The story is about a man who’s entire life has been a television show, unbeknownst to him. He has been watched from before he was born, every moment, every nuance of his behavior, every choice controlled by his constructed reality. An elaborate project that is governed by sponsors, fans, corporations, and it’s creator, Cristof, a strangely driven man whose interest in Truman goes beyond making him the subject of this project, but that’s another review all together. Cristof has made a perfect world, no crime, no grunge, no real dangers for it’s star. He’s got a good job, best friend, and lovely wife. It’s always sunny and clean and predictable.
The questions is, why has Truman always felt the need to explore, to get away, to escape this prison he doesn’t even know he’s trapped inside? That’s the interesting human side of this story. In Truman’s world everyone is an actor. Every thing they say and do is to either direct him toward a product placement, or control the story to please the viewing public, but as he says, “You never had a camera in my head.” You can construct someone’s world completely and even make it a dream life with the best of everything but in the end, our very powerful need to live our own lives, make our own choices, be who we are without the constraints of someone else’s expectations, cannot be controlled. Well, in our real world many of us go along with life as it comes and don’t ever follow our own dreams, our own desires because it’s impractical or too much work, or we are just too flipping lazy. That’s just us accepting a certain constructed reality. For those people it’s enough. For Truman it’s not.
You can look at the big philosophical side of this story and have an amazing experience, even inspired, or say to hell with all that mumbo jumbo and just see it for what it is on the surface. It’s a great looking film with wonderful dialogue, excellent performances by everyone with the bonus of an altered perfect world thrown back to the innocence of the 50’s. The fun look through objects where hidden cameras watch Truman’s every move adds a certain comedic style, while reminding us that he is never his own person, but always being watched, but it never seems malicious or creepy.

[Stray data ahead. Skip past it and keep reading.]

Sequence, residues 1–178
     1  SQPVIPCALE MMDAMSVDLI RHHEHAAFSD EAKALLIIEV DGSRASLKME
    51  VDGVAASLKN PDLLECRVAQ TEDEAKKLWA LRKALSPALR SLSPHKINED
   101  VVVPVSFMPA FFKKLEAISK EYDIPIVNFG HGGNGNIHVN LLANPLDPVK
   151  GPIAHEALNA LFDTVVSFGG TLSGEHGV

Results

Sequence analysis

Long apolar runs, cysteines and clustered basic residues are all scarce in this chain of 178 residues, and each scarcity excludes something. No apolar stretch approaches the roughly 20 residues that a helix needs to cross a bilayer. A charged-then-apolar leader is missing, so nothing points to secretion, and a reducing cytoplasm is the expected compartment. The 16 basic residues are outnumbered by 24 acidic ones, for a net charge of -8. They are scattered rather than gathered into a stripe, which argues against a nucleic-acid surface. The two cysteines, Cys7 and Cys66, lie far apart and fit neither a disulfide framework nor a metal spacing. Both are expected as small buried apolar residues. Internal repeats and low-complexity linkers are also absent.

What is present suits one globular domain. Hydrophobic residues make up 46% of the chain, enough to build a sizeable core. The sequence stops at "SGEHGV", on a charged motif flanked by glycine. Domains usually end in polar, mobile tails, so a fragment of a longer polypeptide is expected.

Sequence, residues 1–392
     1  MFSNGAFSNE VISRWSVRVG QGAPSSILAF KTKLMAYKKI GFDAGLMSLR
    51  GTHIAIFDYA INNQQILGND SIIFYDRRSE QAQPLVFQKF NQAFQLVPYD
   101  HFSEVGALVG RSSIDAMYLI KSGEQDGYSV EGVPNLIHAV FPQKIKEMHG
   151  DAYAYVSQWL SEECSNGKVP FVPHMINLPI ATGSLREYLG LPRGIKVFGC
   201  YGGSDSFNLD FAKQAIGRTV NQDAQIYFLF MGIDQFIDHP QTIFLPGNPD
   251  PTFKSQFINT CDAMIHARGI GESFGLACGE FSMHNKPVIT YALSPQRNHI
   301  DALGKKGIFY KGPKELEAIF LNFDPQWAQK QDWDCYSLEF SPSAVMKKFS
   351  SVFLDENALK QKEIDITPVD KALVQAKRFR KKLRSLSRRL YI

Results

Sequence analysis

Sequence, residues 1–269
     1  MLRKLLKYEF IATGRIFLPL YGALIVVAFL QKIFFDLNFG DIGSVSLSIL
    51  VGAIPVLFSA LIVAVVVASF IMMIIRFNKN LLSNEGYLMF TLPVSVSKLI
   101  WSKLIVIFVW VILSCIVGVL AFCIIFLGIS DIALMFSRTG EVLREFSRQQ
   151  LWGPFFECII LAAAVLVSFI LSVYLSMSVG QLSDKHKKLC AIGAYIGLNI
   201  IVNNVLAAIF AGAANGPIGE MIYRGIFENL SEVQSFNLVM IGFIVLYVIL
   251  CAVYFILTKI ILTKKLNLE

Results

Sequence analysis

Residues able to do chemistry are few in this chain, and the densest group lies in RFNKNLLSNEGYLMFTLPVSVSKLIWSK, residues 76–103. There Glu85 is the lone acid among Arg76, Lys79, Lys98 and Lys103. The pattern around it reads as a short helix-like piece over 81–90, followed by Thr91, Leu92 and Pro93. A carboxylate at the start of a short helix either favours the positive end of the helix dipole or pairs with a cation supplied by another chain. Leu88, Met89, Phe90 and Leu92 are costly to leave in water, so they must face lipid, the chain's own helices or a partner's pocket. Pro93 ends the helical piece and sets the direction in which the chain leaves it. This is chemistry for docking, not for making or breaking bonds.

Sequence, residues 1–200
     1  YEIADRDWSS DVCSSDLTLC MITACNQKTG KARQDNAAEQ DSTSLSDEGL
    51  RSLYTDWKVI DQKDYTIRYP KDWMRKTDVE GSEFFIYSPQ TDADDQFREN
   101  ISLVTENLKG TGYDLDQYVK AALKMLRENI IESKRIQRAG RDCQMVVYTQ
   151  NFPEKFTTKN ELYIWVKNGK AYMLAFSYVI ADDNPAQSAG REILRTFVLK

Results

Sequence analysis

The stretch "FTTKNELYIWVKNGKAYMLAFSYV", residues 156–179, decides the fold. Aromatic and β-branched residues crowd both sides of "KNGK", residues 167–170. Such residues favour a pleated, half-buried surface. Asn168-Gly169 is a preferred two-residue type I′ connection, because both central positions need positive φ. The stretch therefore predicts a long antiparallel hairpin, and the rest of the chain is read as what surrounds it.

There is a love interest woven into the story, beyond his manufactured wife. This adds to Truman’s motivation to break free from his life, to see the world, and ultimately to discover that it’s all been a lie. I guess in life all of us are driven by love whether we admit it or not. It’s that much more romantic, more necessary for Truman to be allowed to have the genuine and real experience of being loved, not just as part of a script. Anything, even heartbreak is better than the neutrality of his life as it is. Even if, once he discovers the truth and ventures outside his life, everything is raw and dangerous and uncertain, it’s still something. We all know the feeling of discovering our lives are a bit stale, bland, profoundly uneventful. Truman represents that side of us that could be brave enough to chuck it all and try to find something better….even if it’s not better. I admire that quality in this character. He’s a hero of sorts, fearless though he’s got everything to be afraid of in the real world.
In fact, I write a review every single week, sit at this computer doing the same things day after day….I think I’ll end this review and go do some exploring of my own. If I don’t see you, good afternoon, good evening, and good night……
Just buy it! If it’s $5 or $25 get it and add it to your collection, it’s worth it. I’ve been able to find it as cheap as $11, so there are bargains to be found. The DVD offers a classic treasure of a film plus enough extras to keep the most rabid fan happy. (that would be me)
Overall Score 9/10